Cambridge is home to some of the world’s first ever universities, as well as some of the world’s most famous. Anyone who is anyone has studied in Cambridge, including Isaac Newton, Lord Tennyson, Edward VII, and half of Monty Python.
Choosing to go and study in Cambridge, then, must mean you’re made of some pretty stern stuff. But as well as knowing you have all the right academic qualifications, there are still plenty of things you need to know that will help you not only decide whether studying and living in Cambridge really is for you, but also which university in Cambridge can satisfy your mettle. So let’s take a look at what you can expect from an academic and social life in Cambridge.
Universities In Cambridge
Cambridge may well officially be a city, but it’s not really much bigger than a town. As such, it has a real compact feel to it and contains just two main Universities:
Anglia Ruskin University
Compared to the grand old University of Cambridge, Anglia Ruskin University is still a mere babe in arms that was opened as a School of Art in 1858. It didn’t officially become a university until 1992, eventually adopting the name Anglia Ruskin University in 2005.
It’s rise has been rapid though, and it was christened the UK Entrepreneurial University of the Year in 2014. Modern and super cosmopolitan, it is home to over 35,000 students from more than 170 countries. With a focus on business, it’s often the go-to university for budding entrepreneurs.
Anglia Ruskin University is renowned for its focus on business and entrepreneurial spirit, and was awarded the UK Entrepreneurial University of the Year in 2014; so it probably comes as no surprise that Cambridge is now the centre of the forward-thinking “Silicon Fen” industries. Silicon Fen is home to a number of hi-tech businesses, with a focus on electronics, software and biotechnology.
University of Cambridge
The University of Cambridge is one of the UK’s oldest functioning buildings, and was one of the world’s first ever universities. Founded way back in 1209 at a time when Shakespeare wasn’t the bane of most students’ young lives, the University isn’t just a proud historic entity, but continues to excel as a leading academic light.
With a worldwide reputation for unparalleled academic achievement, the University is home to world-class research facilities and teams, and each year welcomes gifted academic’s who will one day pretty much change the course of the world. If rubbing shoulders with future politicians, journalists, novelists and even royal family members sounds like just the ticket, the University of Cambridge is probably for you.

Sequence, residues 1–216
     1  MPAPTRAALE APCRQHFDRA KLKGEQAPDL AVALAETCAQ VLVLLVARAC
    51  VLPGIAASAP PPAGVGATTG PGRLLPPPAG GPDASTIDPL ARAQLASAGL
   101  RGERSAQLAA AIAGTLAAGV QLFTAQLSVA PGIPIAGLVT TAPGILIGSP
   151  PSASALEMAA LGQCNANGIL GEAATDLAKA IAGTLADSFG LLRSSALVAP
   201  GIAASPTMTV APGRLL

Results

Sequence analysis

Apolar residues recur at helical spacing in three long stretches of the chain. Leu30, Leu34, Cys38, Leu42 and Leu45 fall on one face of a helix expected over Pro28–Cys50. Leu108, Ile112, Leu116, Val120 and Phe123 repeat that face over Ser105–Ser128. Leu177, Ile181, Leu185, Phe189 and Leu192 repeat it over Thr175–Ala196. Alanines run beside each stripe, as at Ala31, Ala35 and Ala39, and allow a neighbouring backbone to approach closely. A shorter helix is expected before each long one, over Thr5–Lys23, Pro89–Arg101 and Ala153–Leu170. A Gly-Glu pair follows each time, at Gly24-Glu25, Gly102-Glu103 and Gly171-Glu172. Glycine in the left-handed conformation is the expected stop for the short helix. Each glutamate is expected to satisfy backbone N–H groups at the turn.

Fees, Living Aspects & Student Finance
The good news about choosing to go and study in Cambridge is that, despite the Universities’ extraordinary reputations for developing world-class academics, researchers, writers and so on, the tuition fees are on a par with most other English universities. This means that you can expect to pay £9,000 per year for your course, regardless of what you choose to study. The upshot of this is that you are accessing some of the UK’s best resources, teachers and support for a reasonable price.
When it comes to accommodation, you’re pretty much faced with two options: You can choose to live in one of the University’s halls of residence, or you could opt to live in a private house as part of a house-share. Many first year students prefer halls of residence because of the security they offer, as well as the fact that it gives them a chance to meet new people. The downside to living in a halls of residence is that they are often more expensive than living in a private house. If you do decide to go down the route of student accommodation, here are the top student accommodations available in Cambridge:
- Study Inn – from £108 per week (based on two students sharing)
- Chestnut House – from £170.00 per week
- The RailYard – from £148.00 per week
General Info About Cambridge
Cambridge is one of the smallest cities in the UK, and has a population just shy of 125,000. Students make up around 20% of this overall population, and because of the city’s compactness, Cambridge has a real “student feel” about the place. Although the atmosphere can sometimes feel cramped, it often adds to its charm; and away from the hustle and bustle of the busy city streets, Cambridge gives way to vast and beautiful areas of greenery.